Saturday, April 04, 2015

Microservices and the unit of failure

I've seen and heard people fixating on the "micro" bit of "microservices". Some people believe that a microservice should be no larger than "a few lines of code" or a "few megabytes" and there has been at least one discussion about nanoservices! I don't think we should fixate on the size but rather that old Unix addage from Doug McIlroy: "write programs that do one thing and do it well". Replace "programs" with "service". It doesn't matter if that takes 100 lines of code or 1000 (or more or less).

As I've said several times, I think the principles behind microservices aren't that far removed from "traditional" SOA, but what is driving the former is a significant change in the way we develop and deploy applications, aka DevOps, or even NoOps if you're tracking Netflix and others. Hand in hand with these changes come new processes, tools, frameworks and other software components, many of which are rapidly becoming part of the microservices toolkit. In some ways it's good to see SOA evolve in this way and we need to make sure we don't forget all of the good practices that we've learnt over the years - but that's a different issue.

Anyway, chief amongst those tools is the rapid evolution of container technolgoies, such as Docker (other implementations are available, of course!) For simplicity I'll talk about Docker in the rest of this article, but if you're using something else then you should be able to do a global substitution and have the same result. Docker is great at creating stable deployment instances for pretty much anything (as long as it runs in Linux, at the moment). For instance, you can distribute your product or project as a Docker image and the user can be sure it'll work as you intended because you went to the effort to ensure that any third party dependencies were taken care of at the point you built it; so even if that version of Foobar no longer exists in the world, if you had it and needed it when you built your image then that image will run just fine.

So it should be fairly obvious why container images, such as those based on Docker, make good deployment mechanisms for (micro) services. In just the same way as technologies such as OSGi did (and still do), you can package up your service and be sure it will run first time. But if you've ever looked at a Docker image you'll know that they're not exactly small; depending upon what's in them, they can range from 100s of megabytes of gigabytes in size. Now of course if you're creating microservices and are focussing on the size of the service, then you could be worried about this. However, as I mentioned before, I don't think size is the right metric on which to base the conclusion of whether a service fits into the "microservice" category. Furthermore, you've got to realise that there's a lot more in that image than the service you created, which could in fact be only a few 100s of lines of code: you've got the entire operating system, for a start!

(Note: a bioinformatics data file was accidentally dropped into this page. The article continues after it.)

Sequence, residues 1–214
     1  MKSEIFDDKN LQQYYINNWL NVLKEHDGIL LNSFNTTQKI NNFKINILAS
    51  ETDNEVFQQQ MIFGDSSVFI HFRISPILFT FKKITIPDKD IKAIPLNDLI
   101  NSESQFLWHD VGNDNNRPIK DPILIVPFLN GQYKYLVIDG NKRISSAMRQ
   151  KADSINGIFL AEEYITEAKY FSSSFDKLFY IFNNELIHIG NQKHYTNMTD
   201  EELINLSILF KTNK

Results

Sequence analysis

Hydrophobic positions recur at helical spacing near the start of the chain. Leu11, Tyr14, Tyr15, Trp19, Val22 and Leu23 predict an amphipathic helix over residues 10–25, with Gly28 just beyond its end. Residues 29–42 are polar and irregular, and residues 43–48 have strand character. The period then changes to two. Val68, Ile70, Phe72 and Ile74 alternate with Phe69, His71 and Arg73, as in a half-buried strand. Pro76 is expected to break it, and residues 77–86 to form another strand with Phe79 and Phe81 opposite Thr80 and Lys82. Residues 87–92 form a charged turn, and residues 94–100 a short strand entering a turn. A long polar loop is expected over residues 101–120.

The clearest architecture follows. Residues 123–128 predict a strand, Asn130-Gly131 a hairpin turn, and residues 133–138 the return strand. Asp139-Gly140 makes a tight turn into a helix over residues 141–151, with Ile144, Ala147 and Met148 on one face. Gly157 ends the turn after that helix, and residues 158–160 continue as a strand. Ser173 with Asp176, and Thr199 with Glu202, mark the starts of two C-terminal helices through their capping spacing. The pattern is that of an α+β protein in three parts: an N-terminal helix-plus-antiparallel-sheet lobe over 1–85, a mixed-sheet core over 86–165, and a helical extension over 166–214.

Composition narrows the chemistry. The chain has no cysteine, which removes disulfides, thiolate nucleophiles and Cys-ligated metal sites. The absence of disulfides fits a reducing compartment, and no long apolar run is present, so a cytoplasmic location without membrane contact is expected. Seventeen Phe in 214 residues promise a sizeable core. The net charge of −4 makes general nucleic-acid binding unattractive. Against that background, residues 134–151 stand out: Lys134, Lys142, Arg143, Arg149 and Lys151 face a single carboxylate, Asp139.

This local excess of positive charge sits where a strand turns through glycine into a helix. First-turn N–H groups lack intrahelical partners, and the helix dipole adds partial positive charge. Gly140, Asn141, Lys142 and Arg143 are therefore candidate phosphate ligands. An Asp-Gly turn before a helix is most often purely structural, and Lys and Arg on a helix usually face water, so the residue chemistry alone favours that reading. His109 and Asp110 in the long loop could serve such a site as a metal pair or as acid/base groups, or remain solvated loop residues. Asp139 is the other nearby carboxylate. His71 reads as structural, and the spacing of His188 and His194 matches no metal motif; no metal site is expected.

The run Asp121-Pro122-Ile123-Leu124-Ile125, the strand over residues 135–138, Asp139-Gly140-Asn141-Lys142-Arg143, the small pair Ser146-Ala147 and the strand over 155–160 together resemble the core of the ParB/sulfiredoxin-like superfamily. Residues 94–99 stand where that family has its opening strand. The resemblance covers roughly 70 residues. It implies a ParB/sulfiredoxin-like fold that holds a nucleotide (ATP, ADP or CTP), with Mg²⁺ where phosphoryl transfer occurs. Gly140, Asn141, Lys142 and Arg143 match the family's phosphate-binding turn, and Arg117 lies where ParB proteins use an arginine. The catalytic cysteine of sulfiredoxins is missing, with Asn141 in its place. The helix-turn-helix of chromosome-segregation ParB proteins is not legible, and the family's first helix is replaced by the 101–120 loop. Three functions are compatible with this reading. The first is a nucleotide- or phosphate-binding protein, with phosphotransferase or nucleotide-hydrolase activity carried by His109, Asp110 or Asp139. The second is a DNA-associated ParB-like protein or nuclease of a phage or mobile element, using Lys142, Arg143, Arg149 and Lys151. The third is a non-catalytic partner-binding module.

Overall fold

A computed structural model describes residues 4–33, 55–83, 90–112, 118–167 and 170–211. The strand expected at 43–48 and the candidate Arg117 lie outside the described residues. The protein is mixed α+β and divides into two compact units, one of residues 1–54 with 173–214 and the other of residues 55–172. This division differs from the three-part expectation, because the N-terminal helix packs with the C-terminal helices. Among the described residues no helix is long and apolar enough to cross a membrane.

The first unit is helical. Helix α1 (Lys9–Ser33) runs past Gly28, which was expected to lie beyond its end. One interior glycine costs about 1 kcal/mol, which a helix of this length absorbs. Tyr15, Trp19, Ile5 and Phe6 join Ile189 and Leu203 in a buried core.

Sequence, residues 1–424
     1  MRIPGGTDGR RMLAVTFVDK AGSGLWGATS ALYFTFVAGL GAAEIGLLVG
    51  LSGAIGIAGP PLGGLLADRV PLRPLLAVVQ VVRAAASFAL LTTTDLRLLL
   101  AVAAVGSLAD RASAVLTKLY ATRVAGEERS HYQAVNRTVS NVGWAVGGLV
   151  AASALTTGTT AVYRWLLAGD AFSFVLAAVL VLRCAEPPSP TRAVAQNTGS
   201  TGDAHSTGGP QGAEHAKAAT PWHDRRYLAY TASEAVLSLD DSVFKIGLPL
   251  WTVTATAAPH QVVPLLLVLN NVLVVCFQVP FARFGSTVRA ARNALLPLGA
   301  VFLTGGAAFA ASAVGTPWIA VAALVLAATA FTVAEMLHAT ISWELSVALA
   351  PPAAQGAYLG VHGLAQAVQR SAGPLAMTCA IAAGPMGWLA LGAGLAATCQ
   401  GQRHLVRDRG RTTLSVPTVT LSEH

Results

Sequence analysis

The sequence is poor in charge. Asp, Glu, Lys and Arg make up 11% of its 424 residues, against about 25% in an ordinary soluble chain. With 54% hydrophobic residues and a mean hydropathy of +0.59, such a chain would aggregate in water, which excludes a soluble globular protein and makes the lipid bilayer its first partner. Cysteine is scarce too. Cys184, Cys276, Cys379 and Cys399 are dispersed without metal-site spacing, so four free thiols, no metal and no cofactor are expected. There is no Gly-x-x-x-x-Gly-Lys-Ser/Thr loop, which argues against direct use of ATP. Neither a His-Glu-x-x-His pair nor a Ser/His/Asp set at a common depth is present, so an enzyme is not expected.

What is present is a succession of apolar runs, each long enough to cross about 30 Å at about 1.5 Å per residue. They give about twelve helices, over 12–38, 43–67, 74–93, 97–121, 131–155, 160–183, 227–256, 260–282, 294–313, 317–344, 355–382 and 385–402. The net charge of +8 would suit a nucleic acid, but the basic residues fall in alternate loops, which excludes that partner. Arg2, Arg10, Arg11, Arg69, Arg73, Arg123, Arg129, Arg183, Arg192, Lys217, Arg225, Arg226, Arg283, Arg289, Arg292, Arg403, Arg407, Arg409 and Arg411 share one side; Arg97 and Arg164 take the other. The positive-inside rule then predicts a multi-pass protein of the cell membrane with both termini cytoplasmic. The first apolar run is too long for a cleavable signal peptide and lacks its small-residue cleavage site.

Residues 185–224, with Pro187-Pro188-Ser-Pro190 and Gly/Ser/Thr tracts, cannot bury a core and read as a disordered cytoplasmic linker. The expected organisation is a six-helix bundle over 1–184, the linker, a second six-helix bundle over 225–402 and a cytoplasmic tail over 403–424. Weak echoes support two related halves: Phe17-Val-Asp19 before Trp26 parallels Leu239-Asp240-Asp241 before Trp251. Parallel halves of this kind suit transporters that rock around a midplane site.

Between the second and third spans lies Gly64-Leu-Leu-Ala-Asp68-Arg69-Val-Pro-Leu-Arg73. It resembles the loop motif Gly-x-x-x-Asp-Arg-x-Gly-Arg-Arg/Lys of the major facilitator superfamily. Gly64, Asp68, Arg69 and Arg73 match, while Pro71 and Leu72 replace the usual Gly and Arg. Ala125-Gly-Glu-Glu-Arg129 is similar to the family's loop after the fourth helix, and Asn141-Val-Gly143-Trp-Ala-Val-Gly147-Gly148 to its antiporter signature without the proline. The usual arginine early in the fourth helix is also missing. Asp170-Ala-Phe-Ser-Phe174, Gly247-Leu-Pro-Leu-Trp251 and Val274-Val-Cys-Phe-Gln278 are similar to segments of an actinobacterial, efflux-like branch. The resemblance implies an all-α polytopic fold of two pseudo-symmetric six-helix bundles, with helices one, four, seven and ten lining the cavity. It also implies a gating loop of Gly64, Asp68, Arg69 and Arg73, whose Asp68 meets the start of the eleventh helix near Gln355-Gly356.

Finally there's one very important reason why I think that despite the size of Docker images being rather large, you should still consider them for your (micro) service deployments: they make a great unit of failure. We rarely build and deploy a single service when creating applications. Typically an application will be built from a range of services, some built by different teams. These services will have differing levels of availability and reliability. They'll also have different levels of dependency between one another. Crucially there will be groupings of services which should fail together, or at least if one of them fails the others may as well fail because they can't be useful to the application (clients or other services) until the failed service has recovered.

In previous decades, and even today, we've looked at middleware systems that would automatically deploy related services on to the same machine and, where possible, into the same process instance, such that the failure of the process or machine would fail the unit. Furthermore, if you didn't know or understand these interdependencies a priori, some implementations could dynamically track them and migrate services closer to each other and maybe even on to the same machine eventually. Now this kind of dynamism is still useful in some environments, but with containers such as Docker you can now create those units of failures from the start. If you are building multiple microservices, or using them from other groups and organisations, within your applications or composite service(s), then do some thinking about how they are related and if they should fail as a unit then pull them together into a single image.

Note I haven't said anything about state here. Where is state stored? How does it remain consistent across failures? I'm assuming statelessness at the moment, so technologies such as Kubernetes can manage the failure and recovery of immutable (Docker) images. Once you inject state then some things may change, but let's cover that at another date and time.

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